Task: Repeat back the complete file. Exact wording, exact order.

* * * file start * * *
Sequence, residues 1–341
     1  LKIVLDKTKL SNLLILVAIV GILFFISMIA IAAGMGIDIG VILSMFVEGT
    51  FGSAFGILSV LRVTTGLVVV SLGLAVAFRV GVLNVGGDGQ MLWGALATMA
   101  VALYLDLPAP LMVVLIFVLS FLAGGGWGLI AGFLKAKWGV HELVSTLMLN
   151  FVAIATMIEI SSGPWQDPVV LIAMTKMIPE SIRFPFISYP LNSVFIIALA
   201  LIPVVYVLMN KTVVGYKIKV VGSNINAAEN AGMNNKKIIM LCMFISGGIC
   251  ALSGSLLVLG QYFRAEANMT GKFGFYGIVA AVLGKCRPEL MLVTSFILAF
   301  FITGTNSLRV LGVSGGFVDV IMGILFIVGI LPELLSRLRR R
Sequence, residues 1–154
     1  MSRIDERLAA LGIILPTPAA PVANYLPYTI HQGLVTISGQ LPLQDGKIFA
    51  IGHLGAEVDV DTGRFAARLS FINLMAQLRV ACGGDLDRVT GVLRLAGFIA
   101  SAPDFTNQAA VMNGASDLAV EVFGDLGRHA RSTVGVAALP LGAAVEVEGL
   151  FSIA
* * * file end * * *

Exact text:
Sequence, residues 1–341
     1  LKIVLDKTKL SNLLILVAIV GILFFISMIA IAAGMGIDIG VILSMFVEGT
    51  FGSAFGILSV LRVTTGLVVV SLGLAVAFRV GVLNVGGDGQ MLWGALATMA
   101  VALYLDLPAP LMVVLIFVLS FLAGGGWGLI AGFLKAKWGV HELVSTLMLN
   151  FVAIATMIEI SSGPWQDPVV LIAMTKMIPE SIRFPFISYP LNSVFIIALA
   201  LIPVVYVLMN KTVVGYKIKV VGSNINAAEN AGMNNKKIIM LCMFISGGIC
   251  ALSGSLLVLG QYFRAEANMT GKFGFYGIVA AVLGKCRPEL MLVTSFILAF
   301  FITGTNSLRV LGVSGGFVDV IMGILFIVGI LPELLSRLRR R
Sequence, residues 1–154
     1  MSRIDERLAA LGIILPTPAA PVANYLPYTI HQGLVTISGQ LPLQDGKIFA
    51  IGHLGAEVDV DTGRFAARLS FINLMAQLRV ACGGDLDRVT GVLRLAGFIA
   101  SAPDFTNQAA VMNGASDLAV EVFGDLGRHA RSTVGVAALP LGAAVEVEGL
   151  FSIA